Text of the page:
Q: Dr. Eppley, I am very happy with the buccal fat removal and perioral liposuction you did on me a few years ago. I still feel that my face lacks definition though and have been researching lower jaw surgery/sliding genioplasty and vertical lengthening chin implants and wondering if one of those procedures would be beneficial for me to get that angular, taut lower and mid facial structure that a lot of models have. A jaw/chin that has extra projection seems to produce a concavity in the para nasal area that think is really pretty…I know I have an overbite but it’s not severe and I am hoping to avoid having to go through orthodontics and jaw advancement IF a sliding genioplasty and/or a custom chin implant would yield the same results. I have attached some photos of the look I am aiming for (as well as one of myself for reference) and would like to know if you think I could get close to my “ideal” with a genioplasty/implant or if lower jaw advancement is really the best treatment (for aesthetic purposes only). I always feel myself involuntarily jutting my lower jaw forward (it feels more comfortable that way and it also makes my face look better). My face just looks better from ALL angles when I’m projecting my jaw forward. Since I’m already 31 I would like to get started right away, especially if the best choice is jaw advancement since I would have to have braces before and after that.
A: To best answer your question about chin lengthening, I have done imaging based on some old pictures that I have of you of a combination chin lengthening and small jaw angle implants for the more complete jawline effect. You definitely do not need to move the whole lower jaw with orthodontics. That would not produce the same result. The choice is really between a sliding genioplasty vs a custom V-shaped chin implant. Both theoretically could achieve the same longer chin, they are just two different ways to get there. You already have a pretty V-shaped chin and you are young so I am leaning towards the sliding genioplasty because it is more ‘natural’ and would even accentuate the V-shape of your chin. I simply put in the small jaw angles just to give you a little more width and squareness to the back of the jaw…which is what all those models also have.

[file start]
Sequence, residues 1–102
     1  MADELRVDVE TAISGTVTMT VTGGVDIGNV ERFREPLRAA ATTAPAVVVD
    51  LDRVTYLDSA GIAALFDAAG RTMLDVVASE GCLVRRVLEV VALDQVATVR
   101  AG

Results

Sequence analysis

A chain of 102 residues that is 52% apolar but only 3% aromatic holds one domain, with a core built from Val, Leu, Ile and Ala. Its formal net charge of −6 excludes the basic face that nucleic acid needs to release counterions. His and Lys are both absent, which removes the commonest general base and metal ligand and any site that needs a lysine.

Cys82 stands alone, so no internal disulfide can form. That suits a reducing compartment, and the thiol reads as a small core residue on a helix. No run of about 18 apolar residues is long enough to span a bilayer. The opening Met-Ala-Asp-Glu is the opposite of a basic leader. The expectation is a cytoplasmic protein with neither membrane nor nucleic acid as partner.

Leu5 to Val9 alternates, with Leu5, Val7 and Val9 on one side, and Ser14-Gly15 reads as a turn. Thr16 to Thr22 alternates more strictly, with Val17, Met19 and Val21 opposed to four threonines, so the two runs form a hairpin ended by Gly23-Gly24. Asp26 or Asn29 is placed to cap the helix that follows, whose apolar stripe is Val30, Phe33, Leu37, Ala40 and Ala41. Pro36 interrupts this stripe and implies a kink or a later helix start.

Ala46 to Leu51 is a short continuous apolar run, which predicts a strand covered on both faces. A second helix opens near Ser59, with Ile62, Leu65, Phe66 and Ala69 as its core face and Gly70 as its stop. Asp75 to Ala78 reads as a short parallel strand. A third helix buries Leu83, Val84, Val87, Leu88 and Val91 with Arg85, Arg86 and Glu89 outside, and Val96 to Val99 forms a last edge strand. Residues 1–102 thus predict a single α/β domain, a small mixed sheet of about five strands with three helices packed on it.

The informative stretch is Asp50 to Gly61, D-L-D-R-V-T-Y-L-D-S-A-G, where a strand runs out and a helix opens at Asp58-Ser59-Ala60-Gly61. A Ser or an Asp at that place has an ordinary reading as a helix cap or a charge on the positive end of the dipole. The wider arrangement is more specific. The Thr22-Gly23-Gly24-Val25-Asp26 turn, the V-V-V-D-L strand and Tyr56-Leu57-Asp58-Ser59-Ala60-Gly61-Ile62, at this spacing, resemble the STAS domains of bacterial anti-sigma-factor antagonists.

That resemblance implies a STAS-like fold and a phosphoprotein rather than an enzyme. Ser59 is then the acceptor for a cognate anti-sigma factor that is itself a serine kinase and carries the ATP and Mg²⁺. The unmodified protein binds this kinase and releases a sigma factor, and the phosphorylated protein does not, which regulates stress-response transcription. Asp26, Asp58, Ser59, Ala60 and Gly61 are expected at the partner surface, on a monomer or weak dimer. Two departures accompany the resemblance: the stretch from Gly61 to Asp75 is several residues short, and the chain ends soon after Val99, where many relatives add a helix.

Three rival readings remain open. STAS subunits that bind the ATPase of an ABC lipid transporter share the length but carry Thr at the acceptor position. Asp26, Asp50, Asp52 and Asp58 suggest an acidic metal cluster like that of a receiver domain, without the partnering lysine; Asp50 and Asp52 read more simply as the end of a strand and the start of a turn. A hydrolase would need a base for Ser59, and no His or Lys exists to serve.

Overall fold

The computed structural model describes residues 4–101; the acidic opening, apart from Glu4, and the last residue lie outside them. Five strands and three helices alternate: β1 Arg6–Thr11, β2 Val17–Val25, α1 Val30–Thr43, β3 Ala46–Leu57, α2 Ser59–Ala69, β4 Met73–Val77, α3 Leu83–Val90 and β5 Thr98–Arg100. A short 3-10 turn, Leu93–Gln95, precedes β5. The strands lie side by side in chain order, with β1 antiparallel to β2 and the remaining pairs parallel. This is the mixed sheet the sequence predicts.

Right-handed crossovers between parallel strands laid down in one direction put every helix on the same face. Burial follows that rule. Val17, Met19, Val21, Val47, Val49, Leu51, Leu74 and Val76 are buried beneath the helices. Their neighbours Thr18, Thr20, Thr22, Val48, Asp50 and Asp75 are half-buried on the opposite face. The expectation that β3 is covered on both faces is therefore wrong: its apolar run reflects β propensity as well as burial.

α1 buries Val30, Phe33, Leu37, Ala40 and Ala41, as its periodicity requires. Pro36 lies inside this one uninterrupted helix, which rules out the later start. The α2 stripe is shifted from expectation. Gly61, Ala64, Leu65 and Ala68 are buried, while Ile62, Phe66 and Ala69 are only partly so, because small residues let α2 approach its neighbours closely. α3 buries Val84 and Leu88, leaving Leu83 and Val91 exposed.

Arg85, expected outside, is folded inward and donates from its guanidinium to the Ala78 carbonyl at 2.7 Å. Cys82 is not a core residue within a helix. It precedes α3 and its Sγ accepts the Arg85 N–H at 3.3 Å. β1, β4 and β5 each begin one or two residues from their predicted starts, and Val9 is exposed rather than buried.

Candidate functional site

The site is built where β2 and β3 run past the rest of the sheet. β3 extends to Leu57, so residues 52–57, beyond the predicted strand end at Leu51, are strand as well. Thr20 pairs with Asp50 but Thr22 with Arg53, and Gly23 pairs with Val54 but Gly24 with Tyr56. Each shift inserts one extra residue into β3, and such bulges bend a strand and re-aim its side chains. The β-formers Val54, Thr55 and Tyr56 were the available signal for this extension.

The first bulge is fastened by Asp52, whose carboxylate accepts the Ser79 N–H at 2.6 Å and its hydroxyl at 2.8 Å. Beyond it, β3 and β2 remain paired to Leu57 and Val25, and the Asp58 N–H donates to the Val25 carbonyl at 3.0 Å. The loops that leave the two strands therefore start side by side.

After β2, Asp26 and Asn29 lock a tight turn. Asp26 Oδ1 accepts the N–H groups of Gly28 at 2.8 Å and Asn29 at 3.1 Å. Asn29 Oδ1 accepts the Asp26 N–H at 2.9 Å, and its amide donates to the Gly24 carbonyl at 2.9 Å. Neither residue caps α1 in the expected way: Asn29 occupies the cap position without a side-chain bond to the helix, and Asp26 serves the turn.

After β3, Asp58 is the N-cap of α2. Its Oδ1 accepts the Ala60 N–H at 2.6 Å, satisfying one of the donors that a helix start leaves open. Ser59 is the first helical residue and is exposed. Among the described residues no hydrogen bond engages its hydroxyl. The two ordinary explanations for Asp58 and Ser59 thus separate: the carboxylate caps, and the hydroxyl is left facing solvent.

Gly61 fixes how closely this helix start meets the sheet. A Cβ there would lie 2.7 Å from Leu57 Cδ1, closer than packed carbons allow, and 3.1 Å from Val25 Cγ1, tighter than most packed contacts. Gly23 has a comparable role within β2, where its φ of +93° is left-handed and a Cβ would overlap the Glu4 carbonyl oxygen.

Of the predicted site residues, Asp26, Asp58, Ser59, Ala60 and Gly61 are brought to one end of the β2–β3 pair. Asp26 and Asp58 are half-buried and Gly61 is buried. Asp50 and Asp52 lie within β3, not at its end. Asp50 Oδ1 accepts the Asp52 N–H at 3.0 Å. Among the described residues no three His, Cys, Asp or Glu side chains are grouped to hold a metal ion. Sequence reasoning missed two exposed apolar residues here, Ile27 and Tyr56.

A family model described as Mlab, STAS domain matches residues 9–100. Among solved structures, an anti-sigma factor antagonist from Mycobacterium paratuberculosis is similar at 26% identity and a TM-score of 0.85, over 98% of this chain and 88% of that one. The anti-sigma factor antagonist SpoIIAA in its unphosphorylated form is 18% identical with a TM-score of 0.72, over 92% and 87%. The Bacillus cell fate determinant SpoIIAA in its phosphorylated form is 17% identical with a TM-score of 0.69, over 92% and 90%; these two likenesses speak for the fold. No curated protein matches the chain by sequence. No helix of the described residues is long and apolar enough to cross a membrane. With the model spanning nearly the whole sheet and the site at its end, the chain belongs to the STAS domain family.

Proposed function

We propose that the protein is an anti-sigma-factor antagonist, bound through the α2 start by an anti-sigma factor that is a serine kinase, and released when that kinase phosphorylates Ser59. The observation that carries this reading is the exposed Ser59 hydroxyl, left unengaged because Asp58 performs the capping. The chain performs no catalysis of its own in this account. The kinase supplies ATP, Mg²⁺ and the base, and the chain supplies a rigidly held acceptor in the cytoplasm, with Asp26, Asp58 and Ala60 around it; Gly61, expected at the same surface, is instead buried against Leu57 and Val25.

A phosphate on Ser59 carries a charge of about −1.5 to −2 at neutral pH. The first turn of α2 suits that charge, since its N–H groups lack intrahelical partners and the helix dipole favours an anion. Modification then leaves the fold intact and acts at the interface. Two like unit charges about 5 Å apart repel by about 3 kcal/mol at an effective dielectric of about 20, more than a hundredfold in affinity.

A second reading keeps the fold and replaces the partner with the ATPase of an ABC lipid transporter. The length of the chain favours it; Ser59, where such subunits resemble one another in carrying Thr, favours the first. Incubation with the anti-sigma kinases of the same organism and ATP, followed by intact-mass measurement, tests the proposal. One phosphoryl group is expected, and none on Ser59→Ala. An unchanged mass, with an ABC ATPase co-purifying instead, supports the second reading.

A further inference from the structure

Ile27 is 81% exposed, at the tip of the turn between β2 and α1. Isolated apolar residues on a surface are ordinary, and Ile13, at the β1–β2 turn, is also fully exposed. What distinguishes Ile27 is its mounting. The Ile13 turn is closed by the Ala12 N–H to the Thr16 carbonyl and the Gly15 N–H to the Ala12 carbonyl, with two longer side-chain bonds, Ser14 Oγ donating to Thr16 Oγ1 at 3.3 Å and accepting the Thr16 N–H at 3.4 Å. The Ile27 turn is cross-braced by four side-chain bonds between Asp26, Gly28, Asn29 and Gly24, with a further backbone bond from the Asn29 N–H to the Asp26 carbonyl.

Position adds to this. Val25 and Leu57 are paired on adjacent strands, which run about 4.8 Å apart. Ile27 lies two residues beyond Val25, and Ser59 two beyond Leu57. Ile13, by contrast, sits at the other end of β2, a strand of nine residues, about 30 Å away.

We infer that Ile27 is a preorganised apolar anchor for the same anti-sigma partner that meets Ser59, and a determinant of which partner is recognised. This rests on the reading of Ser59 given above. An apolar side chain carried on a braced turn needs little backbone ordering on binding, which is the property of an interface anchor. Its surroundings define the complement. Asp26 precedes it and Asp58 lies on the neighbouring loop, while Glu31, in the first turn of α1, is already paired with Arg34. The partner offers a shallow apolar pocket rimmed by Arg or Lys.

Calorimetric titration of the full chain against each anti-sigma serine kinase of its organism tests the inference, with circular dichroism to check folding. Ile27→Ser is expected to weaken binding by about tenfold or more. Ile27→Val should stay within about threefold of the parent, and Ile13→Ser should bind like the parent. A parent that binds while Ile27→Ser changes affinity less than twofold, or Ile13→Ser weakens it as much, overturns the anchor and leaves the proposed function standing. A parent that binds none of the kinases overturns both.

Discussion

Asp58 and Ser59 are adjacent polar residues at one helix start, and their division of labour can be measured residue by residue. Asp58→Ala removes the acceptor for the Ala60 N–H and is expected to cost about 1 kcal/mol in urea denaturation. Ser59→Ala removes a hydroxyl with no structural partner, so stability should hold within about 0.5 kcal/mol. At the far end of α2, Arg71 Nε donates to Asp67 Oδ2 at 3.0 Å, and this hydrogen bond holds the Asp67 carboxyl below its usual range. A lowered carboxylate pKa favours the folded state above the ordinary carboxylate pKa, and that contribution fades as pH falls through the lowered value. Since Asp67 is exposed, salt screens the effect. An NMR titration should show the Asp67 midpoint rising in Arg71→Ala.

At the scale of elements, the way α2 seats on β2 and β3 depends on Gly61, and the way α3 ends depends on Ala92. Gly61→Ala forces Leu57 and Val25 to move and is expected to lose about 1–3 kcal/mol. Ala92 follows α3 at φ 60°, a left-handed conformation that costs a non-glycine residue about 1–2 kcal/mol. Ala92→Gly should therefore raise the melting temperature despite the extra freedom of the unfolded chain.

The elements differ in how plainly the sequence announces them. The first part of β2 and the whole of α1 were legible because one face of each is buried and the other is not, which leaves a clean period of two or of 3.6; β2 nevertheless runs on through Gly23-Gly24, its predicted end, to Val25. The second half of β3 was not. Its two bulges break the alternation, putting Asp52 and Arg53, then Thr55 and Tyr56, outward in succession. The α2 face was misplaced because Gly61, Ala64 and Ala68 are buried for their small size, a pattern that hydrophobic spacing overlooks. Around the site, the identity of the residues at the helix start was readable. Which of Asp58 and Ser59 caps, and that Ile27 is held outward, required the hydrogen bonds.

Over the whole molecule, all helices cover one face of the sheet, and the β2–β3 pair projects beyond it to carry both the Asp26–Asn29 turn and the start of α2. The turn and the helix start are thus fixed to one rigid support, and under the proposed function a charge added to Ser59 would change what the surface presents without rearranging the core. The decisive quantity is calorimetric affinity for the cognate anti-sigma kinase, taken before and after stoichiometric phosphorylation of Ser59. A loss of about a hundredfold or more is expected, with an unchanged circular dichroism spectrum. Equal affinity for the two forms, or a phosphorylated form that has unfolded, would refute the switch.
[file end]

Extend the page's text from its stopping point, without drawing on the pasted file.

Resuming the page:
Dr. Barry Eppley
Q: Dr. Eppley, I am interested in a custom chin implant but have some questions about it. I’d like to add significant height and projection to my chin (while avoiding a deep labiomental fold). I’d also like to add some slight width to the jaw while maintaining my well-defined cheekbones. To what extent could a custom chin implant achieve this desired look?
A: A custom chin implant (really a modified jawline implant) is the most effective method for creating the chin projection and slight jawline width that you seek. It is best because one controls the dimensions of the implant in the pre surgical design and allows a smooth jawline to be created from the chin on back to the jaw angles. This is not an effect that any off-the-shelf chin implant design can do.
You will not, however, avoid deepening the labiomental fold (technically the labiomental sulcus) with a custom chin implant. The depth of the fold is a fixed point so any substantial increase in the horizontal projection of the chin, and yours would be considered substantial, will deepen the fold. This can not be avoided short of leaving your chin where it is.
Dr. Barry Eppley